Tuesday, January 20, 2015

The Last Gun Fight -- The Death of Ordinance Number 9 (Chapter Twelve)

Written by Terry McGahey


Chapter Twelve: Our Day In Court

Things had really settled down since the nights of camping in the wash, and no longer did Jack and I have to worry about someone sneaking down to our place and causing any damage.

I began working as an extra in the movies because I thought it would be interesting to see how movies were actually made. The first one I worked on was a real stupid movie called, “Four Eyes and Six Guns”.

It was about an optometrist played by Judge Reinhold, who had made a set of spectacles for an aging Wyatt Earp, who was played by Fred Ward. Like I said, it was a stupid movie, but I enjoyed spending a short time talking with Fred Ward. He seemed like a nice fellow who still had his feet on the ground.

Next I did a narration for A&E about Boot Hill in Tombstone. It was very impromptu and they asked me to make it up as I went along. It could have been much better with a script, but there wasn't one so we just played it by ear.

My favorite extra job was the movie “Tombstone” with Sam Elliot, Kurt Russell, Bill Paxton, and many more.

I played the part of a drover who had just come in off the trail, and who was playing an old west card game called Faro. Billy Bob Thornton was the dealer, and he had threatened to kill me if I backed that queen one more time. This was just before Kurt Russell (Wyatt Earp) had slapped him around and threw him out of the bar.

A few funny things happened while filming that scene but the best was when Kurt Russell was to throw the gun he had taken away from Billy Bob Thornton to the bartender without looking at him. Of course the gun they used for this scene was a rubber one so no one would get hurt.

The first time Kurt Russell tossed the gun without looking it hit one of the extras who was standing at the bar in the back of the head. The director hollered cut, everyone chuckled and they started all over again.

The second time he threw the rubber gun, it hit the same extra in exactly the same spot in the back of his head. By now everyone had broken up laughing, and after a short break the scene was finished on the third take.

The last thing I did was a video game called the “Bounty Hunter”. I was one of the gunslingers that you had to quick draw against. I never did see the end result of that one, but I heard that it turned out pretty well.

I had the offer to work on two more movies, one was “Lightning Jack” with Paul Hogan and the other was the “Quick and the Dead” with Gene Hackman and Sharon Stone, but to tell you the truth I really didn't want anymore to do with that business.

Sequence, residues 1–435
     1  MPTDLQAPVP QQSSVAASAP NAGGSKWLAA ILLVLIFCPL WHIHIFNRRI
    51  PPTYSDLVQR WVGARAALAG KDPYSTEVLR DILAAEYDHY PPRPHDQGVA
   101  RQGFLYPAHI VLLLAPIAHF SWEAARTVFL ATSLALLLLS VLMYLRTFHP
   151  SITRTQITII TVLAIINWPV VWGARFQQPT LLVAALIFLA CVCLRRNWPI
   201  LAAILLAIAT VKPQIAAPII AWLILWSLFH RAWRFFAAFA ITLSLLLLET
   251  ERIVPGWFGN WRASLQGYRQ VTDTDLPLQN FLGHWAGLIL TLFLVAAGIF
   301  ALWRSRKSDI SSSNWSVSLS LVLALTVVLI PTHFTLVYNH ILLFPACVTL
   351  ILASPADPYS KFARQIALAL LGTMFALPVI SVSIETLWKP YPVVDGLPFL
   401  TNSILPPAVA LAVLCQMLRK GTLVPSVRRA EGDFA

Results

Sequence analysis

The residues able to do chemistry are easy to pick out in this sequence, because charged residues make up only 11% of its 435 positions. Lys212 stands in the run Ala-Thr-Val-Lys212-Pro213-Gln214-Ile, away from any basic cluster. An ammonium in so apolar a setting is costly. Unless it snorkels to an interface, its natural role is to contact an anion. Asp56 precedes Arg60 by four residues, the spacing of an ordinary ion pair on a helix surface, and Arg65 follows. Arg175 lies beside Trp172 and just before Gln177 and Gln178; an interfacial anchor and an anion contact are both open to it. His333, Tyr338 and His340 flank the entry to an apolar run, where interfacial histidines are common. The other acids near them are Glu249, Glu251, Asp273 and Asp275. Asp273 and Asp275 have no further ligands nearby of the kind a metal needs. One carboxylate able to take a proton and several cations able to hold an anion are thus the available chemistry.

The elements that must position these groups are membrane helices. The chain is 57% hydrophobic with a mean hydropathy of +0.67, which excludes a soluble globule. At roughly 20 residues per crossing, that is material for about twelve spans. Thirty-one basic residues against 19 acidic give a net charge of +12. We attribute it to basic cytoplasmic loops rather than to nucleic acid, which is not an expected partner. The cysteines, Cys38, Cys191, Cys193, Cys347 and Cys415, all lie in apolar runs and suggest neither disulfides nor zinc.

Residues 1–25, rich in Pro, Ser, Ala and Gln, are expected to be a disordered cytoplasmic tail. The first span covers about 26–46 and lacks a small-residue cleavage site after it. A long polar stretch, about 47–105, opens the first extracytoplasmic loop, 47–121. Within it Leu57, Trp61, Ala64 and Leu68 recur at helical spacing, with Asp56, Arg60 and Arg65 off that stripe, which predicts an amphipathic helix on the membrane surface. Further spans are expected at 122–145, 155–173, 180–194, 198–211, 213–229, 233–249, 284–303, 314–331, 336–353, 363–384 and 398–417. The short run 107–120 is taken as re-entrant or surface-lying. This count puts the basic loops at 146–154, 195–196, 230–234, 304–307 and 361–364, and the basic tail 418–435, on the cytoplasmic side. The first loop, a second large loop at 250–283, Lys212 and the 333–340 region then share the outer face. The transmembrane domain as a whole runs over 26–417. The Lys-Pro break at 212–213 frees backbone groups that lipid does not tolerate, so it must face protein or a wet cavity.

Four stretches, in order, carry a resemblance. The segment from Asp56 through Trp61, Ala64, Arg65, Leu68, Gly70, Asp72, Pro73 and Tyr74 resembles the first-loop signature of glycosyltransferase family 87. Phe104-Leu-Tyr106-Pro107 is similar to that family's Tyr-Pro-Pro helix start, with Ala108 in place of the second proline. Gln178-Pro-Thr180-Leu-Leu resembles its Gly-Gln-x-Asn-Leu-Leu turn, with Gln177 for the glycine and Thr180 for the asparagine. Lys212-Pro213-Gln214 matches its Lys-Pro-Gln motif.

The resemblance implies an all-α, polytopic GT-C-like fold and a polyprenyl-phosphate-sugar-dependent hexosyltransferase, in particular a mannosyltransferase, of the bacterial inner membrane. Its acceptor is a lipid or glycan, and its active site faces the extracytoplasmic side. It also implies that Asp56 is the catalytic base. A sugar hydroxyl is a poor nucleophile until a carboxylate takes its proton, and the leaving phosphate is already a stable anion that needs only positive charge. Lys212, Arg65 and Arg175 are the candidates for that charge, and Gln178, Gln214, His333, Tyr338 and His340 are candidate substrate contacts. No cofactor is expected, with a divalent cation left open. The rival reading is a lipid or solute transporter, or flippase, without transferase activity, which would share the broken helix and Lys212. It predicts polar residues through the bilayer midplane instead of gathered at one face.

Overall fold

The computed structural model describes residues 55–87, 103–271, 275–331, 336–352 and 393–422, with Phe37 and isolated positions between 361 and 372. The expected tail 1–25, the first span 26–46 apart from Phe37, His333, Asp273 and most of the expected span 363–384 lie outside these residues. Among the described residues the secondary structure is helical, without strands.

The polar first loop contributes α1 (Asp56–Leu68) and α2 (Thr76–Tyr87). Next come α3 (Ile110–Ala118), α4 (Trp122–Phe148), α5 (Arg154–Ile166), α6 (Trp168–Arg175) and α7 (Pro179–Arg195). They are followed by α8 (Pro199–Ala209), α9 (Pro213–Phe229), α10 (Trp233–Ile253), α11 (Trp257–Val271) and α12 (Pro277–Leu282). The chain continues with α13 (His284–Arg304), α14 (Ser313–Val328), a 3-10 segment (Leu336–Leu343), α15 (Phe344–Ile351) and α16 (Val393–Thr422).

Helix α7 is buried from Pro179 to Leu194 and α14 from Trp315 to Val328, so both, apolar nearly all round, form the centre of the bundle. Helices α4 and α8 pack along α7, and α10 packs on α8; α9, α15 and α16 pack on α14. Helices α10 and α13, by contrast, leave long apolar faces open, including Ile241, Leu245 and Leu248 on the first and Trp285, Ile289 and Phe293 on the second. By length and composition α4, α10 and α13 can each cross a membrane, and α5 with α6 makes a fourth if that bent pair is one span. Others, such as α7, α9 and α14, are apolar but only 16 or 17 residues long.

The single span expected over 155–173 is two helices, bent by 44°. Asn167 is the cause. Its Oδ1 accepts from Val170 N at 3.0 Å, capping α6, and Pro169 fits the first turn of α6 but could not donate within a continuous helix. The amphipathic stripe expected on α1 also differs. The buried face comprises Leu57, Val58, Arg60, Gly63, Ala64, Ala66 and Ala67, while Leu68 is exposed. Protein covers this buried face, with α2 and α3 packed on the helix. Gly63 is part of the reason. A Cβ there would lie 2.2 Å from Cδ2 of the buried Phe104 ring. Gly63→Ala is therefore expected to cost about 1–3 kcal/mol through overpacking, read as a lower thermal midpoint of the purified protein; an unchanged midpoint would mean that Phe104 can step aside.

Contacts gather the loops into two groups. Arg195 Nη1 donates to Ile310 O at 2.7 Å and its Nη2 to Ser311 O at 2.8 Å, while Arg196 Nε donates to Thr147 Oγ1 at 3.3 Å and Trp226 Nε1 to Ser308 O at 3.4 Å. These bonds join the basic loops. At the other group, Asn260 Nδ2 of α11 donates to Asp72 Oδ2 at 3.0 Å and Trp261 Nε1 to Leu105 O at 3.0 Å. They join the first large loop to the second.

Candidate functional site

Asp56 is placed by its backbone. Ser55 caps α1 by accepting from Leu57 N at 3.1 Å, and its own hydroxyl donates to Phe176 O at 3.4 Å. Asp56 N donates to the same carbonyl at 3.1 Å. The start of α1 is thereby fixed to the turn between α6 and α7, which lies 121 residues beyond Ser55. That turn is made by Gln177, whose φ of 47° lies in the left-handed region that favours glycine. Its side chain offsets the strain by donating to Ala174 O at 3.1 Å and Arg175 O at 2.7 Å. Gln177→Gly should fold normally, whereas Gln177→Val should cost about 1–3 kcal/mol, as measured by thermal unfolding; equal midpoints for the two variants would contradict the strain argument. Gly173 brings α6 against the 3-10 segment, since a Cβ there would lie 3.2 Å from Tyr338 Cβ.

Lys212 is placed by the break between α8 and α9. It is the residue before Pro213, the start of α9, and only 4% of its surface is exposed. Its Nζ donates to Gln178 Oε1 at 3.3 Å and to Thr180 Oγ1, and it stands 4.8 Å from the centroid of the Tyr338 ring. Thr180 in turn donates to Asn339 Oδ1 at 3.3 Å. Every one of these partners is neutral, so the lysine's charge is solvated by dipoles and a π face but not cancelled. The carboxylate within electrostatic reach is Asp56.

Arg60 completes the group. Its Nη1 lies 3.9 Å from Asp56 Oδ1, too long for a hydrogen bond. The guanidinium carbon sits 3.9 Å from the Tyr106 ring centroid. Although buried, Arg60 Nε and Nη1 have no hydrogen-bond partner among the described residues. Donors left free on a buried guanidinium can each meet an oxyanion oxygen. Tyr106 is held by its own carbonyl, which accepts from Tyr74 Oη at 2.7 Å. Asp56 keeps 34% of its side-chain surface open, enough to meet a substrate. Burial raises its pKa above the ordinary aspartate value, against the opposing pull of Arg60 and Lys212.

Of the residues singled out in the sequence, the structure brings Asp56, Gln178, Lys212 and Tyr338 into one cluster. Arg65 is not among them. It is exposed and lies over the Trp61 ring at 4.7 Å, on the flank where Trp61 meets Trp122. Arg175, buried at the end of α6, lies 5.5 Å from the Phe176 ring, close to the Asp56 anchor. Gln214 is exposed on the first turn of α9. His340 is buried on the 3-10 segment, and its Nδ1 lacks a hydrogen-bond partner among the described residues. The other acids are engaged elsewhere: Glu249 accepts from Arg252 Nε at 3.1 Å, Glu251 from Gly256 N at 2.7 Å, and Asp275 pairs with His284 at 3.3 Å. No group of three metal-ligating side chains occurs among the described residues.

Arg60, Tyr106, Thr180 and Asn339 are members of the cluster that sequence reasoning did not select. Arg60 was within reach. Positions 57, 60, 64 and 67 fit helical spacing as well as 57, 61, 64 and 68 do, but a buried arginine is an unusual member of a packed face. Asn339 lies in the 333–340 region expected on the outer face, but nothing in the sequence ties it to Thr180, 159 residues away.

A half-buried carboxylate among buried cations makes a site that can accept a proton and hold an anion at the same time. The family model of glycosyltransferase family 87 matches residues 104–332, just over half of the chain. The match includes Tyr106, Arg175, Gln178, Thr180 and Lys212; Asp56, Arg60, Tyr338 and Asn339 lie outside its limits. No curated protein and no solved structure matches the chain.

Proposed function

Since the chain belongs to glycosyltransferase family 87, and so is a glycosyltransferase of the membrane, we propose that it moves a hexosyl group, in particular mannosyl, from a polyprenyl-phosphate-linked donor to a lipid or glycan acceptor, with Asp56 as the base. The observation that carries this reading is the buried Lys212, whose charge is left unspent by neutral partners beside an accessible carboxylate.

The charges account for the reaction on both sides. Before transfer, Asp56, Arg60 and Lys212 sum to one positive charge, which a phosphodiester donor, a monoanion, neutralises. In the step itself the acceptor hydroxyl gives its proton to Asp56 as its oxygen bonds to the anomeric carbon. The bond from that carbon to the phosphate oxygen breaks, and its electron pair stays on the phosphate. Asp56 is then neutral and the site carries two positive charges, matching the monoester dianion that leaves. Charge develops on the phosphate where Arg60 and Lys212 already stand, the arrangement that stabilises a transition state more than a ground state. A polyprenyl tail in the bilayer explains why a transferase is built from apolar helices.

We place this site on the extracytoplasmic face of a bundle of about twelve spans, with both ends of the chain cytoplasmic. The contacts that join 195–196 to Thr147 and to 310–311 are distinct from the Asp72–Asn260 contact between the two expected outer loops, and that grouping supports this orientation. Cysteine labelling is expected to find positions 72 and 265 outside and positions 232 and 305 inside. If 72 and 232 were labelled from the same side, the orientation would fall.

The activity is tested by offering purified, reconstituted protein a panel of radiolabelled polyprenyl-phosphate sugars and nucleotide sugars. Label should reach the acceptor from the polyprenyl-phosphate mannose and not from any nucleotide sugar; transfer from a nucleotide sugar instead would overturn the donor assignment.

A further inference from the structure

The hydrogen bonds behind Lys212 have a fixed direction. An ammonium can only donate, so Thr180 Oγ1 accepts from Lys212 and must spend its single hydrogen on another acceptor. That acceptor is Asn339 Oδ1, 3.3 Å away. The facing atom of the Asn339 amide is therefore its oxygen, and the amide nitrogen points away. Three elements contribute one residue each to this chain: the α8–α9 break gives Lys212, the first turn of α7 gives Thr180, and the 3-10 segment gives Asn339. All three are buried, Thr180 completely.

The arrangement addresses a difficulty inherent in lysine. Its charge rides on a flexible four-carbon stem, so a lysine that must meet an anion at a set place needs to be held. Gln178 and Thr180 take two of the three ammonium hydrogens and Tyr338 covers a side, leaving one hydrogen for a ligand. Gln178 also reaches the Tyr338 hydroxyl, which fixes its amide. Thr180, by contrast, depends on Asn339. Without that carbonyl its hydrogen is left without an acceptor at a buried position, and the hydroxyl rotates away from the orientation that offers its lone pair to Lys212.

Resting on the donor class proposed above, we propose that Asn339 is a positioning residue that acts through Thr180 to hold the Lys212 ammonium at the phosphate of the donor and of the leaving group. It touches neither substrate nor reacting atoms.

Not that the people had treated me badly or anything, quite the opposite, but it just wasn't for me. I had also decided to sell my interest in the Boot Hill Gunslingers because, like I said, it just wasn't for me.

By this time it was beginning to come close to our court date' so I decided to take a little vacation while I had the chance.

I loaded up my camper on the back of my pickup truck and headed north. I ended up in Yellowstone Park and from there I went into Cody Wyoming because I knew a gal who lived there, so I decided to pay her a visit. While in Yellowstone Park, I had written another poem about my feelings for nature and I call it “Lost Beauty”

There were people before us who saw this country when
it was natural and pristine, but for us today it’s nothing
more than a passing midnight dream.

For us to see the wondrous sights, we must pay to enter
a park. I’d have dearly loved to have seen this country
the way did Lewis and Clark.

Or even the way those first cowhands did driving the herd
up the untamed trail, or even the fellows with the pony express
riding hard to deliver the mail.

This country we know is nothing more than a shadow of it’s
once great glory, its been ravaged and raped of most of its
beauty, its really a sad, sad story.

If only it were possible to go back in time, and through their
eyes was able to see, the natural beauty in its original state,
that would be riches to me.

When I got back to Tombstone, about three weeks later, I asked Jack what our situation was with the lawsuit and he stated that our attorney had called and our court date had been moved up to next week.

We called Ed and met him uptown to have a few beers together and celebrate some. We were sure glad to see this thing finally coming to an end.